Following her team’s loss to South Caldwell Friday night, Richmond Senior softball coach Wendy Wallace made a joke about having to break through the fourth-round ceiling now.
Despite being one of the top programs in the area under Wallace, Richmond could never get past the second round of the state 4A playoffs.
That is, until last season. That’s when Richmond smashed through the ceiling in a big way, posting victories over Clayton, Jack Britt and Ashley.
Led by five seniors — Ashton Davenport, Summer Jacobs, Hunter Parks, Jennifer Steen and Jessica Steen — last year’s team reeled off 28 straight wins before falling to Cape Fear in a battle of undefeated squads in the fourth round.
Wallace admitted she expected big things because those players had experience. Davenport and Jacobs were four-year varsity players. Parks and the Steen twins were on varsity for three seasons and part of another.
For years, Wallace’s teams were able to win conference regular-season and tournament titles, but couldn’t translate that success to the state tournament.
A look at Richmond’s postseason resume shows a lot of close losses in that so-frustrating second round.
In 2013, Richmond lost to West Johnston 2-1 at home. The season before that was a 2-1 extra-inning loss at Garner.
Apex knocked off Richmond in the first round 5-4 in 2011. Richmond also fell to Apex in the opening round in 2008.
Richmond fell to Ashley 5-3 in 2010 and New Bern topped Richmond 3-1 the season before, all in the second round.
Richmond reached the second round before being blanked by West Johnston 6-0 in 2007, Wallace’s first season leading the team.
Things turned around last season as Richmond knocked off Jack Britt 5-0 in the second round before eliminating Ashley 5-1 in the third.
In the snap of a finger, the jinx was gone. And if it weren’t for an unfortunate hop there and a bad bounce there against Cape Fear, Richmond may have been the team moving forward to the East Region final series.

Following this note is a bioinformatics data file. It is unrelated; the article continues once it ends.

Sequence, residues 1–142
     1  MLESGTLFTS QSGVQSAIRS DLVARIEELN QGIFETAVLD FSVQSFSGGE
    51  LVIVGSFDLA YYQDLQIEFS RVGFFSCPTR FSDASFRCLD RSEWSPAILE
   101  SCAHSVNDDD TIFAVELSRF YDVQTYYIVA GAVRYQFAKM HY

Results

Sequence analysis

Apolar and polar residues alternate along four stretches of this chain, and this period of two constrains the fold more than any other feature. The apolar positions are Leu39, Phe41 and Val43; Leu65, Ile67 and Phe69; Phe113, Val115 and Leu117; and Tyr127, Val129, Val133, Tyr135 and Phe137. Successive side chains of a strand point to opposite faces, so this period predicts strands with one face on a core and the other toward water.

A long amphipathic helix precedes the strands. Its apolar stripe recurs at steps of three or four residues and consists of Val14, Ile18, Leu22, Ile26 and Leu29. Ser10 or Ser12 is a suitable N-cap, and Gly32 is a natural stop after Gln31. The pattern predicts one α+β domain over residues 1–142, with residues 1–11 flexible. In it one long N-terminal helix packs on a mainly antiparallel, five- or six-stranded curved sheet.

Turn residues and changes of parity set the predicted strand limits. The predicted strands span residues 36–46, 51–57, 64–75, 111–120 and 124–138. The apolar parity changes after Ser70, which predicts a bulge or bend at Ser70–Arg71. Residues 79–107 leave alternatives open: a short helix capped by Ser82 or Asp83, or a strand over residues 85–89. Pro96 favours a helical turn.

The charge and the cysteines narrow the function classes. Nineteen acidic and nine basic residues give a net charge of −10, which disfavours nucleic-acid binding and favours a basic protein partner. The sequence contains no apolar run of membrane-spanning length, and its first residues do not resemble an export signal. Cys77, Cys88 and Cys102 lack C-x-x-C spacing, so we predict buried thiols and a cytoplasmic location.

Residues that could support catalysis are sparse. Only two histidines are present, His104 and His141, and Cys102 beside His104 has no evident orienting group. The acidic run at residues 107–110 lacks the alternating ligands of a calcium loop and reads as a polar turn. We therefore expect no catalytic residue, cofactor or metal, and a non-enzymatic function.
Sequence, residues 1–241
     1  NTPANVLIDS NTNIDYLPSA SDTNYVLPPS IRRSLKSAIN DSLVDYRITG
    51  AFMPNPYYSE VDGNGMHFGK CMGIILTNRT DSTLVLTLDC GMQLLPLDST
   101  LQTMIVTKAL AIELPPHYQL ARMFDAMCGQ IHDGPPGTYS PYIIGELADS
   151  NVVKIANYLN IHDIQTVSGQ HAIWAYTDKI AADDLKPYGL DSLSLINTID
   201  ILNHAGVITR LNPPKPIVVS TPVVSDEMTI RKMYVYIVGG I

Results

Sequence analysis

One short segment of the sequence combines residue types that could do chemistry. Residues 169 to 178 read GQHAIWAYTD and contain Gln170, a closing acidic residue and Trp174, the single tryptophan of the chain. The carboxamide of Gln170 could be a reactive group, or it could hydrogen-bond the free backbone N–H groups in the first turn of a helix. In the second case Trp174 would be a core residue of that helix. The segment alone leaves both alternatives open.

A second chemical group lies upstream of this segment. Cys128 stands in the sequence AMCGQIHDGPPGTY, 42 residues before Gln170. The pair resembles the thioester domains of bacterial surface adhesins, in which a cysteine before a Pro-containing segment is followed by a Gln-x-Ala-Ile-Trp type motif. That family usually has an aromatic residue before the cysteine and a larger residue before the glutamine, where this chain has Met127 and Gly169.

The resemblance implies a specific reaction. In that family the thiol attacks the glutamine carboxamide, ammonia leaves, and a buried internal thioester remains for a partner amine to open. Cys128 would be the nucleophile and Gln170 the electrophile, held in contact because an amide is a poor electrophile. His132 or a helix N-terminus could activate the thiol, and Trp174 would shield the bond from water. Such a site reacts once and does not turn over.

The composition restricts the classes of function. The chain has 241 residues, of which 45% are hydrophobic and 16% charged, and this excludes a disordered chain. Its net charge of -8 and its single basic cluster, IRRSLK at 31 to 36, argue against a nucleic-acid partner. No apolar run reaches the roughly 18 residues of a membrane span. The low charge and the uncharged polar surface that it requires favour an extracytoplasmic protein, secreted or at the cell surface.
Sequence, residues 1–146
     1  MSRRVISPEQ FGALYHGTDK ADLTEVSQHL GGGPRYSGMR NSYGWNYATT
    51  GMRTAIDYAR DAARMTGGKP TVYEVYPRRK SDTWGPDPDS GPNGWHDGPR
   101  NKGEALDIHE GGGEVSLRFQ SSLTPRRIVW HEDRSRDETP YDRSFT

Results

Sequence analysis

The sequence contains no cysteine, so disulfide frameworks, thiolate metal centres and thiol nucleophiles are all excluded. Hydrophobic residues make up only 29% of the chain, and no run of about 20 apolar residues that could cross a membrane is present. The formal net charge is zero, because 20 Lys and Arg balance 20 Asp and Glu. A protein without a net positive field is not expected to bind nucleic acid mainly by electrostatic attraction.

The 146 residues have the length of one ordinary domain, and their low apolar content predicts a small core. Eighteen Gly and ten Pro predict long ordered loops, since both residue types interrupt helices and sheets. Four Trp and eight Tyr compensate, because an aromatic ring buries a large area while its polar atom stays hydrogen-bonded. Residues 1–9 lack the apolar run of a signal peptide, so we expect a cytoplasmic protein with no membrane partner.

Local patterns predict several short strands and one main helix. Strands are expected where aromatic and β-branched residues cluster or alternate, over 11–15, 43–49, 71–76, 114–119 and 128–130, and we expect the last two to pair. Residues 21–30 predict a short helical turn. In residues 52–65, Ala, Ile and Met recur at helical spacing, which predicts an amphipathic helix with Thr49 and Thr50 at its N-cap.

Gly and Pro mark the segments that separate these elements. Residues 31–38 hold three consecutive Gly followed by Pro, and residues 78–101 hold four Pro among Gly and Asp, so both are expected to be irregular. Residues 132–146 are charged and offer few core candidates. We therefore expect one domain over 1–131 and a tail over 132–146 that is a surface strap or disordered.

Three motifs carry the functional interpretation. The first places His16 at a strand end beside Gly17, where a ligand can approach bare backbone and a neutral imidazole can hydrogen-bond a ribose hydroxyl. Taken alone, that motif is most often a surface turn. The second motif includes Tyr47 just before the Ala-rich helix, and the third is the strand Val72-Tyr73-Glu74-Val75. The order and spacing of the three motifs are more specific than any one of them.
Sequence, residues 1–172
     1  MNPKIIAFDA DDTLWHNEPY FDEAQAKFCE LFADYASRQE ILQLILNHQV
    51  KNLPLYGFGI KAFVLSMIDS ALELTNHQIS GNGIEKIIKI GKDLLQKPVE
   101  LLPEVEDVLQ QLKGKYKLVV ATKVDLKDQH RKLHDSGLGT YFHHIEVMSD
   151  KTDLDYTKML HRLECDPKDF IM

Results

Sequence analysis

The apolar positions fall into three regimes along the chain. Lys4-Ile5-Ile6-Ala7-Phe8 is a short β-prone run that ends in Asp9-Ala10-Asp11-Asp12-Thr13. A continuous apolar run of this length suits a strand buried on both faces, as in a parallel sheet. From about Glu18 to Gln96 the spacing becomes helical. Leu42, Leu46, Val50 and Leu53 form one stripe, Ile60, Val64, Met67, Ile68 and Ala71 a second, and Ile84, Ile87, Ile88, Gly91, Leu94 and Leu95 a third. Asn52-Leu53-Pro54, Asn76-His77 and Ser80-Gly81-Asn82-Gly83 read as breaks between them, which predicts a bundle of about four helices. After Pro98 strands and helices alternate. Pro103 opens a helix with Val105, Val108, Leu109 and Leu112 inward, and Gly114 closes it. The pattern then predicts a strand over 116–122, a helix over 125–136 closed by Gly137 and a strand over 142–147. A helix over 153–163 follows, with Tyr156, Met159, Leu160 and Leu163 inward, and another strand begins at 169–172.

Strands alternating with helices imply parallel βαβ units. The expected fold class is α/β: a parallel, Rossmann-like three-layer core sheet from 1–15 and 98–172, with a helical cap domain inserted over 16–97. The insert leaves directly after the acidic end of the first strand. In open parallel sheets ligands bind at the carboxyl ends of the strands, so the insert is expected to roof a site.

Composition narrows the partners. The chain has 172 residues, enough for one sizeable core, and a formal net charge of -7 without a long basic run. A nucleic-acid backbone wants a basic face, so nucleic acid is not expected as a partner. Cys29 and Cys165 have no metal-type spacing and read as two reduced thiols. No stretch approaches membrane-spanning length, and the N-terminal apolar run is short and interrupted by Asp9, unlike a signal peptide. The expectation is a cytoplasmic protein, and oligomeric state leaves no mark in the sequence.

Wallace wasn’t sure what to expect when this season started after the departure of her core players. She had a handful of key players — Chelsea Davis, Haleigh Denham, Doodle Jacobs and Katie Satterfield — coming back, but would they gel with a group of first-time starters?
The quick answer was yes.
Carleigh Haywood and Kelsey Mabe, along with Doodle Jacobs, gave Wallace a new weapon on offense — slap hitters.
Before the trio found their way into the lineup this season, in the past Richmond almost needed to put four singles together to score a run because of the lack of team speed.
Using their speed at the top of the order wasn’t the only way the Raiders could score — they also could swing a big stick. Davis and Satterfield combined to hit 16 of the team’s 22 home runs. New starters Owen Bowers and Peyton Fann combined to slug the other seven. Bowers hit five, including the game-winner against Scotland, ironically in the second round. Fann launched two, including a grand slam on the road against Hoke.
The duo of NaLee Jacobs and Makenzie Ward did a fine job of replacing last year’s SEC player of the year, Summer Jacobs, in the pitching circle.
Everything gelled and Richmond was a whisker away from getting to the West Region finals. The good news is that the core of this year’s team will be back. The better news is that Wallace sees a lot of talent in the pipeline for the next few years, so she will be able to reload rather than regroup.
That has been the one thing over the year that has hindered Richmond from being in the conversation with the likes of Alexander Central. The ability to slide a player of equal or better talent into the lineup after one graduates. Richmond has been blessed to have players like Brittany Tedder, Amanda Terry, Maggie McKenzie, Maxie Poole, Casey Snead, Cierra Bowden and Summer Jacobs throughout the years, but rarely has replacements in the pipeline.
Now it does and Wallace is excited for the future and making that next step on the playoff ladder.
Reach managing editor Shawn Stinson at 910-817-2671 and follow him on Twitter @scgolfer.